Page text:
While lighter, they do not produce any more perceived recoil as might be expected. The overall design of the gun, in fact, gives us less recoil than we experience with the Glock 19.
Dancing With the Wolves
I have been running Glocks pretty much since they hit U.S. soil, so I was looking forward to testing these guns. Lone Wolf was kind enough to send me two models for testing—both a black LTD, as well as their gray version.
Mechanically the pistols are identical, but just finished in different colors. Performance wise, the guns ran flawlessly, as expected. While I fed them Hornady Critical Defense ammo primarily, I did cycle in some Winchester white box as well as a smattering of other HP ammo.
As a defensive handgun, it is critical that it not be finicky about the ammo it is fed. It’s my opinion that if I could chamber a Volkswagen into the gun, it would have run. The HP ammo ran just as smooth as the ball ammo with no feed issues.
The Lone Wolf barrel, as I mentioned earlier, was a hit. I was able to ring steel from bad-breath distance out to 75 yards without any issues.
One point I continuously enjoyed was the flared magazine well. While not as extreme as what is seen on competition guns, it was certainly sufficient for my needs. My mantra has always been that you need to be able to masterfully manipulate and feed your gun. You can be the best shooter in the world, but if you run dry and your manipulations suck, you are nothing more than a bullet sponge. The flared magwell helps me feed the LTD at pace and stay in the fight.
The LTD trigger did OK when speed and accuracy had to come together. The official listing on the LTD trigger is 6.5 pounds, but I measured the pistol out of the box and it broke closer to 7 pounds. In time it might decrease as normal wear takes its toll. Out of the box, though, this will be something that Glock fans will notice.
A special note to those interested: The LTD fits most existing G19 holsters and it takes Glock 19 magazines. I am by no means a LTD fanboy, but I can certainly appreciate what they have accomplished with this gun. To the casual passerby it might look like just another attempted Glock clone, but it is much more than that.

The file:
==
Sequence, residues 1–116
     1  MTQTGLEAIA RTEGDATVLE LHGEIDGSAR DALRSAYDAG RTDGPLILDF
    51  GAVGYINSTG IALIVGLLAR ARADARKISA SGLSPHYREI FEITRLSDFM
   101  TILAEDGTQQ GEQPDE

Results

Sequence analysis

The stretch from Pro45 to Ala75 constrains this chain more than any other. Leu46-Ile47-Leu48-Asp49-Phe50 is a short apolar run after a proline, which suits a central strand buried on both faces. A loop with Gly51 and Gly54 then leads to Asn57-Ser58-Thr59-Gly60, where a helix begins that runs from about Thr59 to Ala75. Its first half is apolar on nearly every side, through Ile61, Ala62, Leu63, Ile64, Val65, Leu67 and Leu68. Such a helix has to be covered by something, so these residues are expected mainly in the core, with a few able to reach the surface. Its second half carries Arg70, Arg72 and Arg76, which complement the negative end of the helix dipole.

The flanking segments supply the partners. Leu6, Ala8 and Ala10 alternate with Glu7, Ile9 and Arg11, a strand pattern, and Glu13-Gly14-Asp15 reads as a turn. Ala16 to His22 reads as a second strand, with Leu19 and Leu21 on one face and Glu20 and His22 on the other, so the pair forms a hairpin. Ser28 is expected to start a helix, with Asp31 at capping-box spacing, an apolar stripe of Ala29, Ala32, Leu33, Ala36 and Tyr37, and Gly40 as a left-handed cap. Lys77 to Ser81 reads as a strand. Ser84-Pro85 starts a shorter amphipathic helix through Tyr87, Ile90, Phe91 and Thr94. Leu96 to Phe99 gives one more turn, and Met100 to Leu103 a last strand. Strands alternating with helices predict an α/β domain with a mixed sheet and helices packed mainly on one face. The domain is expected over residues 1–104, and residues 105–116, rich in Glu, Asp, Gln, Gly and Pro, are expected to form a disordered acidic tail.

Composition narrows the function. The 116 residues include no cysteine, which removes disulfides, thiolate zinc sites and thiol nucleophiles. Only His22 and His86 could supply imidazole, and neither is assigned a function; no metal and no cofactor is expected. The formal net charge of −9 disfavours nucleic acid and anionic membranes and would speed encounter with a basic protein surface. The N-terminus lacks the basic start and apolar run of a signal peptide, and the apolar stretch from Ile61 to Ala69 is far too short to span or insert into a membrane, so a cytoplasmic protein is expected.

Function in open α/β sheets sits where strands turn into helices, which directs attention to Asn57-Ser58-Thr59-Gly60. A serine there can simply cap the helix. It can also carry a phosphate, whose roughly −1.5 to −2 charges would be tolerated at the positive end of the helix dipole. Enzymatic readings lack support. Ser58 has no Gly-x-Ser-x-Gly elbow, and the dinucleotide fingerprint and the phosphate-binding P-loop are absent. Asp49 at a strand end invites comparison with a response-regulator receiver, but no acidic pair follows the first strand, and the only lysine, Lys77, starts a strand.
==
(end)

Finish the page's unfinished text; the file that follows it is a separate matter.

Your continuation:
Ready To Run
As far as shooting the LTD goes, it was easy to run. I found it to be very accurate and printed solid ragged-hole groups at 5, 7 and 10 yards. During accuracy testing, the best five-round group I produced came in at a very pleasant 1.5 inches. which is exceptional for a standard production gun. In fact, each of the three ammunition brands I tested shot well.
I ran the LTD through a traditional series of tests that go beyond standing steady and shooting groups. From close contact to 15 yards the gun shot well. Obviously, I will make no claim of any sub-MOA performance, nor should it be expected. This gun is designed for an up-close confrontation that requires a ballistic response.
The best performance was in the 0- to 7-yard range, as it gave me good shot groups even when shooting at pace. The farther back I went, the more the groups opened up. The beveled magazine well made reloads quick and easy.
I ran the LTD from the holster and found it almost identical when I indexed it for the draw. As I mentioned, the 18-degree grip is different from Glocks and will be noticeable to longtime Glock shooters. It did not cause any issues at all and, in fact, I found the grip to be very comfortable.
The only real design features of the gun that gave me pause was the lip of the flared magwell and trigger. The magwell is very abrupt and noticeable even with my bigger hands. While not a deal breaker, I see some owners breaking out Dremel tools to take the edge off the lip of the magwell.
The trigger, with over 6 pounds of pull, is going to result in some forum chatter, but it is not terrible. As with any trigger, sufficient practice with it will allow the shooter to master it. I have seen people shoot extremely well using guns that have absolutely terrible triggers.
Lone Wolf Arms has succeeded in leveraging their two decades of experience into this new pistol design. They have managed to incorporate countless design features into what is truly a good-looking, nice-shooting pistol.
For more information, visit LoneWolfDist.com.
Lone Wolf LTD Pistol Specs
Barrel: 4 inches
Overall Length: 7.16 inches
Weight: 19 ounces (empty)
Action: Striker-fired semi-auto
Finish: Nitride or stainless
This article was originally published in the Tactical Life Gun Annual June/July 2021 issue. Subscription is available in print and digital editions at OutdoorGroupStore.com. Or call 1-800-284-5668, or email email@example.com.